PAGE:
The State of Washington has joined the ranks of places where it is no longer legal to discriminate against fat people.
I wish I could say it is because, like the State of Michigan, the City/County of San Francisco, and a few other places, they passed a law that made it illegal.
However, they do have an antidiscrimination law in the State of Washington (one that covers more than the Americans with Disabilities Act (ADA)) and their Supreme Court has decided that obesity is a protected class under that law!
In a 7-2 ruling, the high court said obesity is covered by the Washington Law Against Discrimination, which protects employees with disabilities.
“Because obesity qualifies as an impairment under the plain language of our statute, it is illegal for employers in Washington to refuse to hire qualified potential employees because the employer perceives them to be obese,” Justice Mary Fairhurst wrote for the majority.
Many people don’t realize how prevalent fat discrimination is.
It is one thing to be looked upon with disdain, revulsion and even hatred, and mocked by a large section of society, it is a whole other thing to be legally discriminated against because of your weight.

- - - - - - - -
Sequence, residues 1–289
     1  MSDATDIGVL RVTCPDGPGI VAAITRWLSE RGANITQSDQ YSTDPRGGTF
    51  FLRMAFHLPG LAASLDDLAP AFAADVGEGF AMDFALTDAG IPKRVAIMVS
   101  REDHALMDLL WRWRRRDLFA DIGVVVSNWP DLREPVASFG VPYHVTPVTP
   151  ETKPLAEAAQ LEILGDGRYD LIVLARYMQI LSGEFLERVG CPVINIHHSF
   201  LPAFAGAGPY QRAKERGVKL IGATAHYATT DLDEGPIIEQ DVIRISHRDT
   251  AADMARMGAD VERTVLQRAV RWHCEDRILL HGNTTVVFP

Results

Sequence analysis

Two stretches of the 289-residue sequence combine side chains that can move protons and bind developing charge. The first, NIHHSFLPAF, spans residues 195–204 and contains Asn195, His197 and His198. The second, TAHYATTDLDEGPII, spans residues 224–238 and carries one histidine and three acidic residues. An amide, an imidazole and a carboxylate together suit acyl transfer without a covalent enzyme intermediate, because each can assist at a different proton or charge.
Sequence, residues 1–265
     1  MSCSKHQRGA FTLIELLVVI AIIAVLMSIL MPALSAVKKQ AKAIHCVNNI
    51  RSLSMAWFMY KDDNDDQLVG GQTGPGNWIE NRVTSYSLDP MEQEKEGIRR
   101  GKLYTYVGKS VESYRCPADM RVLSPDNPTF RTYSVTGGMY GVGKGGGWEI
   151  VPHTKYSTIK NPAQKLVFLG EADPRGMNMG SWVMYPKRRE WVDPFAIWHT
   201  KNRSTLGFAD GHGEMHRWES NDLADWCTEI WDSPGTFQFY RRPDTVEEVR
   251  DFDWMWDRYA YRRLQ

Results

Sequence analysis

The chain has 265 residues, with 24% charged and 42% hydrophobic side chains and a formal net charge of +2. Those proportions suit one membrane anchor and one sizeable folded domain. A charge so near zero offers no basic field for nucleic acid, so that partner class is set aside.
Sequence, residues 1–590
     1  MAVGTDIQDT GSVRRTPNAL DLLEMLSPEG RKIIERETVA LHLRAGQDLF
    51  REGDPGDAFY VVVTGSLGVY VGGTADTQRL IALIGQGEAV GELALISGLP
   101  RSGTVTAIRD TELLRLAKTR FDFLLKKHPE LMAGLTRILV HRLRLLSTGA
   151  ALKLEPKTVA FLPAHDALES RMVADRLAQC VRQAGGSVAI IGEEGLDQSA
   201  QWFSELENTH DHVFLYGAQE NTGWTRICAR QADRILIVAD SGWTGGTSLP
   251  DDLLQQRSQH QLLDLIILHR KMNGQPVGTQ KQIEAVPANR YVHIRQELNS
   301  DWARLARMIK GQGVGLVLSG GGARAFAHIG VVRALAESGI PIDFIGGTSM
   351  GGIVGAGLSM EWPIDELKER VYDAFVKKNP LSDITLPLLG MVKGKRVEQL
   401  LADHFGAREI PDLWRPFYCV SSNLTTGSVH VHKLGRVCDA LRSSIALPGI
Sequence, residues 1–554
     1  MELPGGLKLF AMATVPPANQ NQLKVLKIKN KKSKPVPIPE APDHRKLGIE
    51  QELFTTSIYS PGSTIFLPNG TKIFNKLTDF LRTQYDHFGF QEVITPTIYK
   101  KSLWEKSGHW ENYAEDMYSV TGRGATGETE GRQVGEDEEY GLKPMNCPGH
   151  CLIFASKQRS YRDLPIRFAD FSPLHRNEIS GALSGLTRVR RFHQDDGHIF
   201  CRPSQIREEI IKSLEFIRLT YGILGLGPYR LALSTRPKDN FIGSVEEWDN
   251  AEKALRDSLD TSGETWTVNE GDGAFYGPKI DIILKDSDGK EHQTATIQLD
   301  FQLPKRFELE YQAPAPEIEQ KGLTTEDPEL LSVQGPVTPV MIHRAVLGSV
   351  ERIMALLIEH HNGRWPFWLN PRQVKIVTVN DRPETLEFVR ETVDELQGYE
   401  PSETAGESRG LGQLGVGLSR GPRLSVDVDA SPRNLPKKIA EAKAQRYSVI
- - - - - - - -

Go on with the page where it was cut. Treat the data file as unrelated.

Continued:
Fat people are denied housing, jobs, are paid less than their non-fat peers, are incarcerated more and for longer, adoptions, etc.
I have often said that I think fat people should be protected under the ADA (for the most part we are not) because the ADA is not just about disability it is about being discriminated against because you are perceived to have a disability, and I think that is often the case for fat people.
And while I don’t like that obesity has been formally categorized as a medical condition, that is part of the reasoning the justices used to make their determination:
The ruling answered an inquiry from the 9th U.S. Circuit Court of Appeals, which asked the court to determine under what circumstances, if any, obesity qualified as an impairment. The justices said obesity “is recognized by the medical community as a ‘physiological disorder, or condition.’”
This is what is called legal precedent, and it is a baby step, but it is a baby step in the right direction.